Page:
Convergence Insufficiency, and Other Eye Problems
the past decade, ADHD research has
found an interesting relationship between ADHD and vision problems.
In 2000, a study at the Ratner Children’s Eye Center in San
Diego found that patients with certain eye disorders were three
times more likely to be diagnosed with ADHD. Researchers were not
sure why this correlation exists, but there are many possible reasons,
ADHD may be causing vision
The same brain dysfunction
that causes ADHD may be affecting vision
ADHD prescription medications
could be affecting vision
One of the main
eye disorders found in this ADHD study is called convergence insufficiency.
Convergence insufficiency is an eye muscle disorder that is a leading
cause of eyestrain, blurred vision, and headaches. People with convergence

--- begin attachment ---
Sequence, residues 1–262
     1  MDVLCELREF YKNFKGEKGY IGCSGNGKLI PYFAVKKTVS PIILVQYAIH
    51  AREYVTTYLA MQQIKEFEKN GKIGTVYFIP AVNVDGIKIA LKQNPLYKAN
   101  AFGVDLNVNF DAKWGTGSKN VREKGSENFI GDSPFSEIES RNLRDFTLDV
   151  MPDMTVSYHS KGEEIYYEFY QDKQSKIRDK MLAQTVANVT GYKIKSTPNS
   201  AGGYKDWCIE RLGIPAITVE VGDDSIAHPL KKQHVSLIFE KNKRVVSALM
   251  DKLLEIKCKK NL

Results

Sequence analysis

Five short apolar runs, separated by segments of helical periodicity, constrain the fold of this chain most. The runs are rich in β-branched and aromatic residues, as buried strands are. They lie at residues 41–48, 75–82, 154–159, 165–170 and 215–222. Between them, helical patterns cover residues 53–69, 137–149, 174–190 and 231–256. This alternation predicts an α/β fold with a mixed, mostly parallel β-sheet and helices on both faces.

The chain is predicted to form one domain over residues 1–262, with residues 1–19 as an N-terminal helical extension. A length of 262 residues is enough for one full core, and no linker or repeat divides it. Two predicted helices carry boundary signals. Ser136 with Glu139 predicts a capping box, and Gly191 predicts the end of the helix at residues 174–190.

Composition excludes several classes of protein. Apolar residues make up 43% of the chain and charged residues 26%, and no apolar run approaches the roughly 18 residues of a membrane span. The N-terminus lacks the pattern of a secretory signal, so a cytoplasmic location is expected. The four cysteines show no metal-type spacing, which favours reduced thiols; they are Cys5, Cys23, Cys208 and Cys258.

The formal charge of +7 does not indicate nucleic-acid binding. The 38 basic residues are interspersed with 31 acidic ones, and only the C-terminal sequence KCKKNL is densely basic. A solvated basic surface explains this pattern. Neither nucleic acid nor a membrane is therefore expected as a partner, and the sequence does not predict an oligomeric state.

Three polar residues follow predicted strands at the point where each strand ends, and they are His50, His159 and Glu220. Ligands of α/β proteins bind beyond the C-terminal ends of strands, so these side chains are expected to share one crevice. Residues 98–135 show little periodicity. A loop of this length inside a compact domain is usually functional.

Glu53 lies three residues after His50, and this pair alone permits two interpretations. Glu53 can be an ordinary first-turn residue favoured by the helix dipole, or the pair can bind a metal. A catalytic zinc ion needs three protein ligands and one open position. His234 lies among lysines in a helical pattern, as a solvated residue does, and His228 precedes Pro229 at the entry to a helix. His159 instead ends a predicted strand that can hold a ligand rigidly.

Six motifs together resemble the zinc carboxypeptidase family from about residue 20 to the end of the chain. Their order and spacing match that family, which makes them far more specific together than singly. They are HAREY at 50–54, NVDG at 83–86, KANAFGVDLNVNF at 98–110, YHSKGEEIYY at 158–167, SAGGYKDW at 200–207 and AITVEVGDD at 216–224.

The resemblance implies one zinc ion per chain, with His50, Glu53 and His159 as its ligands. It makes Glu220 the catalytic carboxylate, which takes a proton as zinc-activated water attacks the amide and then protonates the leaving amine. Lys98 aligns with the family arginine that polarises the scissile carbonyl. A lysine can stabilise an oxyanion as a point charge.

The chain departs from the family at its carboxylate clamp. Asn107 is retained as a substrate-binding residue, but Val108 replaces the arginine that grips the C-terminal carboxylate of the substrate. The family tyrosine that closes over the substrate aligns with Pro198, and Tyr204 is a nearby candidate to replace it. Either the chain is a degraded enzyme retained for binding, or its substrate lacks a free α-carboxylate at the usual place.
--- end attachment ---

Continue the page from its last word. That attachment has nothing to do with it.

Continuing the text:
insufficiency have trouble reading and doing close work because,
to prevent double vision, the person has to exert extra effort to
make the eyes focus, or “converge.”
vision difficulties could affect ADHD
and education, and then later, ADHD
in the workplace. If your ADHD child exhibits any of the following
symptoms, or if you are an adult with ADHD and have the following
symptoms, it’s recommended that you go to a vision specialist
for extensive testing:
Eyestrain (particularly after
close work like reading, computer use, etc.)
Fatigue and sleepiness
Covering one eye to read
Poor hand-eye coordination
A basic eye exam
will not detect convergence insufficiency and other more complicated
eye disorders. As a matter of fact, a person with convergence insufficiency
can pass the 20/20 eye chart test typically given by schools, pediatricians,
and eye doctors.
that your ADHD child has healthy vision, you should take him or
her to get a comprehensive vision evaluation by an optometrist.
Speak with the optometrist in advance to discuss your concerns with
your child’s ADHD diagnosis and vision.